What should you do if you took either test?
· If your scores have been published, get those sent to your colleges of choice.
· If you took the test and have not yet seen any scores published, contact your colleges. Most are flexing the application deadline to accommodate late score reporting. However, that is the only exception to their deadlines. Everything else required on the applications must be completed prior to the school's published deadline.
What are future plans for current high school juniors (11th grade) and younger?
"Test-optional" will most likely be dropped (with the exception of colleges that had been test-optional previous to the pandemic). That is, current high school students with college intentions, should plan on taking either the SAT, or ACT, or both (that is another article). Ohio State and University of Michigan have already made their intentions known test scores will be an application requirement.
Other important points:
· Regardless of anything written above, it is always a good idea to talk with your college admission contacts. Discuss what is going on in your world, and follow their guidance.
· Super-scoring has always been, and remains, the prerogative of the college. Most do, but none are required to do.
· SAT/ACT tests were developed in hopes they would be indicators of the likelihood of academic success in college. They are not perfect, but they are, for now, a key measure, along with GPA and the academic rigor of your high school transcript
Trends in test scores indicate that test-preparation prior to even the first test date proves worthwhile. There are free resources online (ACT.org; CollegeBoad.org). However, those tests have become very well integrated into college admissions decisions, and test-preparation companies have become very sophisticated at "teaching to the test." Professional tutoring will help in evaluating your high school transcript and GPA, and understanding the predictive value of PSAT/PACT scores. Seek help understanding your rung on the competitive academic ladder. Test-prep is pricey. You need information in order to determine if it is worth the price for your student.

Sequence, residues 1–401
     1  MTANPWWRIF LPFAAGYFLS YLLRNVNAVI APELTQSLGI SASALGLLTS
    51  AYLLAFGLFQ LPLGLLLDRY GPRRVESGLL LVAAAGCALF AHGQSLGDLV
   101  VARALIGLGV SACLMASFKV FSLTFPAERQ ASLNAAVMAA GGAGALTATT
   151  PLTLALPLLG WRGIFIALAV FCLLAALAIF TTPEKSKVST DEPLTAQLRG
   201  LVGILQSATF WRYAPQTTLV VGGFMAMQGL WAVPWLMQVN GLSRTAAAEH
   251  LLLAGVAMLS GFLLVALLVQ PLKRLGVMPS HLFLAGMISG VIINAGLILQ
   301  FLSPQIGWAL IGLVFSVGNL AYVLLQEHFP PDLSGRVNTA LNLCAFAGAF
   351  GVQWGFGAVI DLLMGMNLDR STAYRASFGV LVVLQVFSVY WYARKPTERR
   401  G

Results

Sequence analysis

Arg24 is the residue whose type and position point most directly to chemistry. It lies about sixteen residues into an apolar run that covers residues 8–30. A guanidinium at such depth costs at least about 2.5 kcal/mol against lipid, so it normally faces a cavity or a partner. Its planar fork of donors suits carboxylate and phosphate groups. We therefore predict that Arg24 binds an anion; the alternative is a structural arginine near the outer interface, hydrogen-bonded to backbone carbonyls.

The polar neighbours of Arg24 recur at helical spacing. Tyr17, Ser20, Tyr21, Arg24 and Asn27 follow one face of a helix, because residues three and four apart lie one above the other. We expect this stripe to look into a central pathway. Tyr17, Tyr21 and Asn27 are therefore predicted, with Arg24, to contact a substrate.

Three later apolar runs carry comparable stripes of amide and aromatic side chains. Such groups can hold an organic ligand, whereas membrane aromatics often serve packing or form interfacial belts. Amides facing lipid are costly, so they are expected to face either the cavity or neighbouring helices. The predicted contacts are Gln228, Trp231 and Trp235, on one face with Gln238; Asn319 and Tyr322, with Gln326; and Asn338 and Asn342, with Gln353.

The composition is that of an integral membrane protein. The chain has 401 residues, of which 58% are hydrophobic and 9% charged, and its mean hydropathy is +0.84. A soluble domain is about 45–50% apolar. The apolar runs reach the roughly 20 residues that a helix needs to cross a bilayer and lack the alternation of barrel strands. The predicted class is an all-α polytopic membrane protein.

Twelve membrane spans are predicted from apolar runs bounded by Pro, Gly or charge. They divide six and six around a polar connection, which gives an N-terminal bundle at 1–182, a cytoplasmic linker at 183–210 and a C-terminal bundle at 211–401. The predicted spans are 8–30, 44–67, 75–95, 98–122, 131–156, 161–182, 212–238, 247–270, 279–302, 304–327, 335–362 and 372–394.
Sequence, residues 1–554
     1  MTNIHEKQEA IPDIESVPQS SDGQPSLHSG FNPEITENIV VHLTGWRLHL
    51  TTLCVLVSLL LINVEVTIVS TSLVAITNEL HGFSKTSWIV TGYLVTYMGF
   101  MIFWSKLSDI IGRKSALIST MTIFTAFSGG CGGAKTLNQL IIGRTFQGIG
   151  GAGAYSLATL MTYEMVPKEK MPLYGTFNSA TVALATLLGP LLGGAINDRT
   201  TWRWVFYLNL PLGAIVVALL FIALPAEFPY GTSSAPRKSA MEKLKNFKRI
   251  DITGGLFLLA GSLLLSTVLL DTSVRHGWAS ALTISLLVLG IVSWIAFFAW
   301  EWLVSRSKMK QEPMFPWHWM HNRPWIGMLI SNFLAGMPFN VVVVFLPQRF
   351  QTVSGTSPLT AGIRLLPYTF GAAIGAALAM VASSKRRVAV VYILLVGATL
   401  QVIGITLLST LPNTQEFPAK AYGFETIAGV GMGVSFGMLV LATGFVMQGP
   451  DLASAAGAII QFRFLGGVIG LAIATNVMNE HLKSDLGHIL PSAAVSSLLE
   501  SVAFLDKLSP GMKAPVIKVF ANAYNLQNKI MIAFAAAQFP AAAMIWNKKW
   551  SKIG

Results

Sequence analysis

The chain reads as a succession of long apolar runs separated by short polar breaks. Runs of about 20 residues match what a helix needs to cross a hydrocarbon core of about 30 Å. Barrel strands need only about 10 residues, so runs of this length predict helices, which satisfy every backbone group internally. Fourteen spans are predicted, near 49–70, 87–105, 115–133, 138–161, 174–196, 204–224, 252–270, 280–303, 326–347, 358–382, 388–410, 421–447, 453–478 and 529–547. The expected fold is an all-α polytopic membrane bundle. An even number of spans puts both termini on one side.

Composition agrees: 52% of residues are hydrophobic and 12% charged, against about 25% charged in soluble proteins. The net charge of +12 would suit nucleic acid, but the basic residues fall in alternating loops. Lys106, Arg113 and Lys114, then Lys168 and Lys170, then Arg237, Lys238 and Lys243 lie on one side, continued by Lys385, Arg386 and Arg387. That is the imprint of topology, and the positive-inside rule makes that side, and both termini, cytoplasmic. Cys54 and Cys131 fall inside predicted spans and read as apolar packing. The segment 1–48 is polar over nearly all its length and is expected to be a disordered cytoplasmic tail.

Is Community College a good option after high school?
You're going to hate me for this answer, but it is, in fact, "Yes and no."
- For students who are borderline academically qualified for college-level academics. The academic rigor of college is harder than of high school. Most four-year colleges demand more academically than most community colleges.
- For students who desire expressly to earn a technical certification and enter the job market from there. No one should consider that choice as lesser than attending a four-year college. It is simply a different choice. Every adult knows, once in the work force, job performance determines career advancement.
- For families who think it will save them money. If any money is saved, and that is a proposition easily challenged from the data, the amount saved is modest compared to what is missed.
- For students who think a community college will help them figure out what they want to major in, and what career they want to pursue (with the exception of a technical certification, as mentioned).
The original question (Is community college a good option?) reveals an underlying issue that parents and students should address. Why go to college?
- To find direction for life as an adult? At $25,000 per year (or more) those are expensive directions. Instead, consider getting a job and learning what it takes to earn $25,000 in a year. Enlist for military service and be trained in a career-quality skill, mature as a young adult and, upon completion of active duty feel a sense of accomplishment.
- Because that's what others are doing? That is seldom, if ever, a good reason for doing anything. To reiterate, get a job instead. Find out how hard your parents work to provide for your family. Save most of the money for college. Pay taxes. That's an education, too.
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- Why do colleges "Wait List" some students and what to do if you're on the wait list
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